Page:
Saturday, August 26, 2006

New Jersey Gets a New Attorney General.

Richard G. Jones, "Corzine Chooses His Chief Counsel as Next Attorney General," The New York Times, August 25, 2006, at p. B1.
"Patterson School Contractor Sentenced," The New York Times, August 25, 2006, at p. B4.



"Governor Jon S. Corzine on Thursday named as his next attorney general Stuart J. Rabner, his chief counsel and a former federal prosecutor known for the vigor with which he has pursued public corruption cases."

Mr. Rabner will need that "vigor" if he is to to put a stop to the rampant corruption in New Jersey. He will take office in the aftermath of an ugly and contrived (somehow "successful") effort to "produce" the resignation of his predecessor, Ms. Zulima Farber -- who is still insulted in the media by New Jersey's "legislators," often with a hideous chuckle -- as they devote themselves to "business as usual." "Business as usual" in New Jersey politics is what is known as "theft" everywhere else.

New Jersey has become synonymous with corrupt public institutions and dishonesty in government. It has been suggested that things will be easier if public officials in Trenton will simply wear a price tag, so that the public will know exactly how much it will take to bribe each of them, whether with money or future political favors: 200+ convictions so far and counting! "New Jersey -- Come See for Yourself!"

I appreciate the concerns for my safety and for that of my family members. I cannot live with the thought that children will reach adulthood in a society governed by some of the people in power (or controlling "elected" politicians) in that notorious jurisdiction -- where cancer cells and greedy politicians reproduce happily, like "bacteria under optimum conditions." (I am indebted to Gore Vidal for this highly apt phrase.)

On the very day when Mr. Rabner was named as the new candidate for New Jersey Attorney General, a federal prosecutor was needed to indict and convict yet another example of New Jersey's governmental corruption problem:

"A contractor who pleaded guilty to making payments to Patterson school district officials to obtain construction work was sentenced to two years in prison yesterday in Federal District Court, prosecutors said. The contractor, Carl Babb, of Elmwood Park, pleaded guilty on April 14, 2005, to making the payments and mail fraud, said Christopher J. Christie, the United States Attorney. Mr. Christie said Mr. Babb also admitted overcharging for the work. In addition to the prison sentence, Mr. Babb was ordered to pay $750,000.00 in restitution to the school district prosecutors said."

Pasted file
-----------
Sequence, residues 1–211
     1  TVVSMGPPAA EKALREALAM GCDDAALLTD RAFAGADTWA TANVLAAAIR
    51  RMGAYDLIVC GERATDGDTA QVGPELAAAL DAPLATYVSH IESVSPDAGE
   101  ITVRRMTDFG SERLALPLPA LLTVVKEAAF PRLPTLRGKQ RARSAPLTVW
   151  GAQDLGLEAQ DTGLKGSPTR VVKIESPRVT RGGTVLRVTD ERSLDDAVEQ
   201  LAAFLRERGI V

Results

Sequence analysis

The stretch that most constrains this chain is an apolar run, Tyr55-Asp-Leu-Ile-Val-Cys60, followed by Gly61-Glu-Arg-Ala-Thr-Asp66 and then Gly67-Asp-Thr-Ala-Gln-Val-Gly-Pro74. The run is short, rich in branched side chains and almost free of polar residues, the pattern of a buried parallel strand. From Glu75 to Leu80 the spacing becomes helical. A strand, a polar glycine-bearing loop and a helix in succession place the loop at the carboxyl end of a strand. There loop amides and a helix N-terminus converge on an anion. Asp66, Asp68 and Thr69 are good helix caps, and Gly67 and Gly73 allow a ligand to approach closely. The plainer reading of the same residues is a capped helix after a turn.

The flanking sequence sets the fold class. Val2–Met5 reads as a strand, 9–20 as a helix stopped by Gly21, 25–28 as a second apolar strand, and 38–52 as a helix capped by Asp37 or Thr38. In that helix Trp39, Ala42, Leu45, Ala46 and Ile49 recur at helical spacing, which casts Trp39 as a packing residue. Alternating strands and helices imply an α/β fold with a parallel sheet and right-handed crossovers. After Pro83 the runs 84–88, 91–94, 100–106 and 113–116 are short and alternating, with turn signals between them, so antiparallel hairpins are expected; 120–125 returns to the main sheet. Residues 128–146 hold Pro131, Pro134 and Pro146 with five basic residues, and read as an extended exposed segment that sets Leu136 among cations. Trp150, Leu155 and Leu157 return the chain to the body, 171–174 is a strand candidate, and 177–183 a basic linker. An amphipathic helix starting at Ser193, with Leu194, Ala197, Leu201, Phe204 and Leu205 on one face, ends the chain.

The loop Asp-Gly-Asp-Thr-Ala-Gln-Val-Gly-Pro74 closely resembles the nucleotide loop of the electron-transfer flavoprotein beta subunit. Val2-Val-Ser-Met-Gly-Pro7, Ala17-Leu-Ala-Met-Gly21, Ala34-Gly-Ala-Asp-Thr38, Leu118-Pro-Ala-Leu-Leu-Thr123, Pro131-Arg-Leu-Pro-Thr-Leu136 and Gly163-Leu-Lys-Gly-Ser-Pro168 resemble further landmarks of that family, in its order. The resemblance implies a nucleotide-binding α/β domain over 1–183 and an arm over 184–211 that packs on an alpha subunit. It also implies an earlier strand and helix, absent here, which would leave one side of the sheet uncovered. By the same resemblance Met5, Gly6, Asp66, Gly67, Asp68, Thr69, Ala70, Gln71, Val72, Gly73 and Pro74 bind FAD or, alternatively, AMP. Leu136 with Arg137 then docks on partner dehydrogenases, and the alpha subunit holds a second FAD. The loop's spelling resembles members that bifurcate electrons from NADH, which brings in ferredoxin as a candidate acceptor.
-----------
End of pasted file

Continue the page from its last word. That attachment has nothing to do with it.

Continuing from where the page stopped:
Questions concerning Mr. Rabner center on whether his alleged political ambitions (he is said to hope for a Supreme Court position) will inhibit his pursuit of corruption cases, since he may need the south Jersey machine's support to be confirmed for a seat on the state's highest court. I fear that these concerns may have become a sad reality. Also, as a product of Princeton and Harvard Law School, many suggest that Mr. Rabner will be a "Mr. Clean"-type "fixer for the establishment." (See the Tarantino film, Pulp Fiction.)

This appointment could be about cutting a deal between rival factions that will allow "business as usual" to continue -- ensuring that New Jersey's residents, in the elegant phrase of Saddle River's own Richard Nixon, "get shafted." And how.

Trenton's notorious political Syndicate has yet to be heard on this candidate's prospects, though everyone is saying nice things about him -- publicly, that is -- at this point. It is always good to hope for a pleasant surprise. Keep your fingers crossed. Better yet, hang on to your wallet.

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